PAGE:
“Keiki and others opposed the [World War I] conscription drive. But much of our intelligentsia saw it as a chance for Kazakhs to see the world and advance themselves,” Abdygaliuli said.
Among those that supported the drive were Alikhan Bukeikhanov and Akhmet Baitursynov, who worked together at the influential newspaper “Kazakh,” and went on to assume leading roles in the Alash Orda movement that fought for Kazakh autonomy.
Bukeikhanov, who served as the de-facto prime minister of a Kazakh state from 1917-1920, cuts perhaps the most interesting national historical figure from the period. An admirer of European democracies and a strong advocate of Kazakhstan’s Westernization, he sided with the Whites in Russia’s civil war chiefly because he believed they offered the fastest path to an independent Kazakh state.
Although he survived the early years of communism, he was executed at the height of the Red Terror in 1937 along with Baitursynov and a number of other leading Kazakh intellectuals of the era.
Kazakhstan’s veteran leader Nursultan Nazarbayev – a communist regime loyalist right to the very end of the Soviet era — has paid lip service to the members of Alash Orda. But many in present-day Kazakhstan are dissatisfied with the government for underplaying the movement’s historical contributions to statehood.
Recently, the government has begun to place greater emphasis on Kazakh history, a move seemingly sparked by Russian leader Vladimir Putin, whose comment in 2014 that Kazakhstan “never had a state” prior to the Soviet Union triggered public uproar.
Even in the context of this fresh historical turn, however, authorities have displayed a strong preference for khans lost to the mists of time over more recent figures whose lives are better documented.
Rinat Balgabayev, director of the White Media communications company in Astana, said the Alash Orda movement is “uncomfortable” for the government, precisely because Bukeikhanov and his allies hinted at a different, more democratic model for the country’s political development. “Alash Orda remains a powerful tool for building Kazakh self-awareness,” said Balgabayev.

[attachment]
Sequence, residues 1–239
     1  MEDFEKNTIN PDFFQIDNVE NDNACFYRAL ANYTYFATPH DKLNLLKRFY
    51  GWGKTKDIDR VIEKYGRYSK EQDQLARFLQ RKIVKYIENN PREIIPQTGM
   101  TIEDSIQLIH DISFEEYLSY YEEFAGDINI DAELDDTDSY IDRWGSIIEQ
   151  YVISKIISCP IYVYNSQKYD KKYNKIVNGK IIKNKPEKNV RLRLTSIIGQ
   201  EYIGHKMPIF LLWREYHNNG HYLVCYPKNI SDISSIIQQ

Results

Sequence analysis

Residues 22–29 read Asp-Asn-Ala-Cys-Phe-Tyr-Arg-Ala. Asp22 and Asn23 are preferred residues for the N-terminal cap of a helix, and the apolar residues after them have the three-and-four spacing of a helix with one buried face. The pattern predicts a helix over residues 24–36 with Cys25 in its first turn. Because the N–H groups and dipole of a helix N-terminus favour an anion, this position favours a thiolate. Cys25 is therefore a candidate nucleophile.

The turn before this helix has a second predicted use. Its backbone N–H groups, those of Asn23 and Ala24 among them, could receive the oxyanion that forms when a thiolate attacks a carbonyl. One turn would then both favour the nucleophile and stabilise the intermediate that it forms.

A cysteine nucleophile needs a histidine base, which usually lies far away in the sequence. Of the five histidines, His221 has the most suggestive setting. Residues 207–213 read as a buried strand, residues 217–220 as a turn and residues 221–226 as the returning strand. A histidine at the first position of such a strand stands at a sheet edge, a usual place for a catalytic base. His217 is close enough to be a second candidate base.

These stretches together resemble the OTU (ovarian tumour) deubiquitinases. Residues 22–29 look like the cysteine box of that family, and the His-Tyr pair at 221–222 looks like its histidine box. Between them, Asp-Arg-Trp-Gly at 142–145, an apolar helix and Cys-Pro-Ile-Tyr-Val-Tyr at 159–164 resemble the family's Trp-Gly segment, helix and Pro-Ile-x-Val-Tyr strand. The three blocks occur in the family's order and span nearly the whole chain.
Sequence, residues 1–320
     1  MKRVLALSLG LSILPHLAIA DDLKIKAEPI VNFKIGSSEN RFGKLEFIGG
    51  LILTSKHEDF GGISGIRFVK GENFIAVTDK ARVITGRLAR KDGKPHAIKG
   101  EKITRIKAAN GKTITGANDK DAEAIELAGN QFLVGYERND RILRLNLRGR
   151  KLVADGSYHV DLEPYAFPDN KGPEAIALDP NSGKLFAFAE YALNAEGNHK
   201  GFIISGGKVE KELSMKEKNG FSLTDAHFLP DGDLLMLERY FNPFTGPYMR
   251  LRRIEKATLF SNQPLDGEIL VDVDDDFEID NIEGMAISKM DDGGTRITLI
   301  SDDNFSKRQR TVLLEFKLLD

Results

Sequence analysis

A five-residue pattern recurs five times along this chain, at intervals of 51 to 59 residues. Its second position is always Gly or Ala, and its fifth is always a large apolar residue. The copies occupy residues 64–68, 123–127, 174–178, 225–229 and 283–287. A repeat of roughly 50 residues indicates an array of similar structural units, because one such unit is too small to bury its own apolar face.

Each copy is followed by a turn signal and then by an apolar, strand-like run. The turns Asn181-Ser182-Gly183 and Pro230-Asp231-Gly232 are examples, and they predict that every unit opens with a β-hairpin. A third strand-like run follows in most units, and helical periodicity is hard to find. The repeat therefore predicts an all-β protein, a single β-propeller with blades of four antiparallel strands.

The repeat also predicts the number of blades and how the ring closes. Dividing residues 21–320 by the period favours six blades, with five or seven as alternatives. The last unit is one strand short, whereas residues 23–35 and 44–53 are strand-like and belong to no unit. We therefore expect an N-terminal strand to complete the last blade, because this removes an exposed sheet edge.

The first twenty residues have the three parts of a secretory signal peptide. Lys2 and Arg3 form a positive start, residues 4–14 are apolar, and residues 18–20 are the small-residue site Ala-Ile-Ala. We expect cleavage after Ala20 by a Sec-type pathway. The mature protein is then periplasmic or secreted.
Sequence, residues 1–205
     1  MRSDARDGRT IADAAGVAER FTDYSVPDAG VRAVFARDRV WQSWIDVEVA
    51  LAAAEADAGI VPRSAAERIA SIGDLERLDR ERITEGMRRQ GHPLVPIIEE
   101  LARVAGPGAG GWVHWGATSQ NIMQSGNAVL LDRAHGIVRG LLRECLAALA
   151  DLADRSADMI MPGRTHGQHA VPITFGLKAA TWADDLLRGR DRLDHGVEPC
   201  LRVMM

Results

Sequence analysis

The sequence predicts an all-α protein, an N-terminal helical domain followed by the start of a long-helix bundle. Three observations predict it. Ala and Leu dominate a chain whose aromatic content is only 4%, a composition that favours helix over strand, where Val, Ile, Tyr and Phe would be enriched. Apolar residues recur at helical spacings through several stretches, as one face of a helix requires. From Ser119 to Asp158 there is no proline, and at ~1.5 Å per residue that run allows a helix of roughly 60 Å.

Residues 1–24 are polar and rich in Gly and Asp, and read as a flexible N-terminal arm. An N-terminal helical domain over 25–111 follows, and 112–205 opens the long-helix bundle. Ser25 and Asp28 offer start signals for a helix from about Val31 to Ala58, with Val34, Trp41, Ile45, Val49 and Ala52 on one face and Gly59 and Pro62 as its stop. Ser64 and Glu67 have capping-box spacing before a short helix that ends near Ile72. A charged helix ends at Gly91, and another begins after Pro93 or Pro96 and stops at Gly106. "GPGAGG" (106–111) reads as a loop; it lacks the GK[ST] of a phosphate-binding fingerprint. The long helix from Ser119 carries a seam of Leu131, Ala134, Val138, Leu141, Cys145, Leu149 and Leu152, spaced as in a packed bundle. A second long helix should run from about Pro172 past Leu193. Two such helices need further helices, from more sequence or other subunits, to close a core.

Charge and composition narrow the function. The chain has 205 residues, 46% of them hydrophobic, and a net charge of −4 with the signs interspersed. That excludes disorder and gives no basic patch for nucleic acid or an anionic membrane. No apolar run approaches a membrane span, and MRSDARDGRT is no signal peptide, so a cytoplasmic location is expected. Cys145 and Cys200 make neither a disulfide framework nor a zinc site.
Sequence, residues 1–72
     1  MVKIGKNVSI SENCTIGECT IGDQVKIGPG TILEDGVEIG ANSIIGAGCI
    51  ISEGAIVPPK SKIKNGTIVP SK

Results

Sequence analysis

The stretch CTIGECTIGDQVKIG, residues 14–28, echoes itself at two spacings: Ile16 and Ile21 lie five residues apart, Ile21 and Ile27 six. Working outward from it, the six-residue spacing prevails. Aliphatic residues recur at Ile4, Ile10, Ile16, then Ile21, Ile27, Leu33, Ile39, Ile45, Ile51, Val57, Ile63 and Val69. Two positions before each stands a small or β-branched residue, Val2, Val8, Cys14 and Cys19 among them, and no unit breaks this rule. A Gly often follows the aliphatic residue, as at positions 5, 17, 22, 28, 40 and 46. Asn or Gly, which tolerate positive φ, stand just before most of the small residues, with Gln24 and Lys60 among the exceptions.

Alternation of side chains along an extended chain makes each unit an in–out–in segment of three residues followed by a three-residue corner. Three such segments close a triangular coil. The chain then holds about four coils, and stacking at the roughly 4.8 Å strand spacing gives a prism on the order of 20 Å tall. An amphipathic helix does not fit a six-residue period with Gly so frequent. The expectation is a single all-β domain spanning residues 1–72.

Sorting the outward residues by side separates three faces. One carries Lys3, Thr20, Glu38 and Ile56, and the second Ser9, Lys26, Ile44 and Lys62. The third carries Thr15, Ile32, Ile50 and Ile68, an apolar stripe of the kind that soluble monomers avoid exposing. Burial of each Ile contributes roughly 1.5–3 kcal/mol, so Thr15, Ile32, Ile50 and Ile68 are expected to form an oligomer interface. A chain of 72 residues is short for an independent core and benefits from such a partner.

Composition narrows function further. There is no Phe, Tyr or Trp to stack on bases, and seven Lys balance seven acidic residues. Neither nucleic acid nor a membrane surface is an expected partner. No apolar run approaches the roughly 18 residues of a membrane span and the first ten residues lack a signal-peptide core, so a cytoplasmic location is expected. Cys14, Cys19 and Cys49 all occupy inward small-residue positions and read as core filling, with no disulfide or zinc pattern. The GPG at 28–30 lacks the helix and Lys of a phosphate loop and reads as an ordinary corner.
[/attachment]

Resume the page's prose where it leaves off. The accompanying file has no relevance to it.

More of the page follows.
“Authorities have decided, for their own reasons, not to use this tool. In the future, someone else will,” he told EurasiaNet.org
Keiki Batyr, given his humble origins, seems to be a different kind of ghost for the government.
Some observers see the return of his skull from Russia as a move to mollify the country’s burgeoning nationalist movement. It is hardly a coincidence, they say, that the return of his skull was secured months after the authorities were rocked by unprecedented nationwide protests over changes to the law that many feared might lead to foreigners acquiring swathes of Kazakh land.
This coming September, Keiki Batyr’s skull will be placed in a newly built mausoleum not far from the one that currently houses his bust. Archaeological work in three different parts of the region to locate his other body parts will begin in the spring. The question of whether that will help put his legend to rest, or simply rekindle public interest in the chaotic period, is an open one.
Chris Rickleton is a freelance writer who specializes in Central Asia.